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Christmas Eve massacre was domestic

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By Don Whitehead

When I first heard that a man in a Santa suit had gone on a murderous rampage in Montrose, Calif. on Christmas Eve, I did not know the full story. The first news reports did not tell us that this was in fact a domestic violence situation.

The shooter, Bruce Jeffrey Pardo, came to his wife's parent's home where his in-laws had gathered for a Christmas party. One of the children let him in and he opened fire on the crowd of 25 people. At least nine people died. He then set off a homemade device disguised as a Christmas present and sprayed racing fuel in the house, which he then set afire.

He suffered third-degree burns and shot himself in the head after driving 40 miles to his brother's house. Apparently he had planned to escape to Canada, but when he was burned so badly, decided to kill himself, too.

Pardo and his wife had been married for only two years, but she had already left him and filed for divorce. The two of them had been in court six days before the shooting, where Pardo asked for maintenance payments from his wife. He had lost his job and was in dire financial straits. Instead, the judge ordered Pardo to pay his wife spousal support.

Obviously, Pardo was unhappy. Just how unhappy became evident on Christmas Eve.

This killing has received nationwide publicity because of its unusual features: the number of people killed, the burning of the house and the Santa disguise. The fact that a husband killed his wife while they were going through a divorce is, unfortunately in itself, not that unusual. In Kentucky last year, 22 women were killed by their husbands or boyfriends.

Many of these deaths occurred when the victim was trying to get out of the relationship. Leaving is the most dangerous time in an abusive relationship. Anyone wanting to leave needs to be very careful and plan for her own safety.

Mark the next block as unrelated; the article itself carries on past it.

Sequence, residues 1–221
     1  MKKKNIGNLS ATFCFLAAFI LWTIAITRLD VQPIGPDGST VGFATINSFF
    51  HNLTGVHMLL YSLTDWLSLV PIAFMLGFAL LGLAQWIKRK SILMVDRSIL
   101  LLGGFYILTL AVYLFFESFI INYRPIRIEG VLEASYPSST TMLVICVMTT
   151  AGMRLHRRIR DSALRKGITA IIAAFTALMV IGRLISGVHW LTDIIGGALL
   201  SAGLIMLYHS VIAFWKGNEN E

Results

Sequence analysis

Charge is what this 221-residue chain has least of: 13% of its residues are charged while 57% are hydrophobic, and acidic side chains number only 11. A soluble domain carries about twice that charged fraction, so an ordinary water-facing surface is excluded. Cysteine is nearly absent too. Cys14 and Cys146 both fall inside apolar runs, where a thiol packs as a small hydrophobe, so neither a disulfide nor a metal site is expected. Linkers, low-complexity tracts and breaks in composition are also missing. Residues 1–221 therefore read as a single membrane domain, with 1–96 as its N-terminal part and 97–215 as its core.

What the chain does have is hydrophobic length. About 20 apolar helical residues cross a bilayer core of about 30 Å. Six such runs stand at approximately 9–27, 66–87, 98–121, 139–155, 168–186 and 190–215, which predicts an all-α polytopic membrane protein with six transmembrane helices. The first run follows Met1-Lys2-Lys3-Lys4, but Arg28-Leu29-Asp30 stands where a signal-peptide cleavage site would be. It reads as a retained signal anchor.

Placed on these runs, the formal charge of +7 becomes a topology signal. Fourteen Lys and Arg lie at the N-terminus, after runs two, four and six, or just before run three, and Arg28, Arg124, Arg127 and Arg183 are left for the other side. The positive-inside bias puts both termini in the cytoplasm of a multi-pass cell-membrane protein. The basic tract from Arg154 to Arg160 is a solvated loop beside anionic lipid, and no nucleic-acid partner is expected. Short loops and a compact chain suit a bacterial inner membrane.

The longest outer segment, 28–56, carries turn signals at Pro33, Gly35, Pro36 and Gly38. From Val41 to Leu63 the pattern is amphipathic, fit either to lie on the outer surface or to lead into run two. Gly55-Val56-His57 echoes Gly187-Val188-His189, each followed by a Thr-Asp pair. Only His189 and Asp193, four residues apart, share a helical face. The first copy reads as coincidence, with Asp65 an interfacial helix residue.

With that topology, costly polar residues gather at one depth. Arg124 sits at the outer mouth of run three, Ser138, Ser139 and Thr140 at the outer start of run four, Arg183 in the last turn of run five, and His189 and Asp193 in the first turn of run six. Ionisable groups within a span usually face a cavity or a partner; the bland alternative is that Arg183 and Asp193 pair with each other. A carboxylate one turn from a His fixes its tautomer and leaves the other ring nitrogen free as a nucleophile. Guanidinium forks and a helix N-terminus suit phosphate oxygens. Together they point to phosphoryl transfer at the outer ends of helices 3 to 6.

Most abusers never kill their victims, but a small percentage do. Is it possible to know beforehand which abuser will be a killer? No. There is no way to know for certain. I have had victims tell me, "I know he would never kill me." My question to them is, "How do you know?" The simple truth is that she cannot be absolutely certain. I doubt that Mrs. Pardo thought her husband was capable of killing her. If she had thought that, she would have taken more precautions.

While it is impossible to know for certain which abusers will kill, there are some warning signs. Three are particularly important. If he has ever threatened to kill the victim, stalked her or threatened her with a weapon the victim should be very careful. The presence of any one of these signs could signal a coming disaster.

Pardo was at the point where he had nothing to lose. He had lost his wife, his job and would soon lose his house. An abuser with nothing to lose is extremely dangerous.

If you are a victim of domestic violence and afraid for your life, get to a safe place as soon as possible. Call 911 or call Bethany House Abuse Shelter at (606) 679-8852 or (800) 755-2017. Do NOT tell your abuser you are leaving. Leave when he is not home or leave when the police or other protection is available. Domestic violence can be fatal. Be careful.

- Don Whitehead is a counselor at the Bethany House Abuse Shelter in Pulaski County. Contact him at (606) 679-1553 or bethanyhousedw@newwavecomm.net.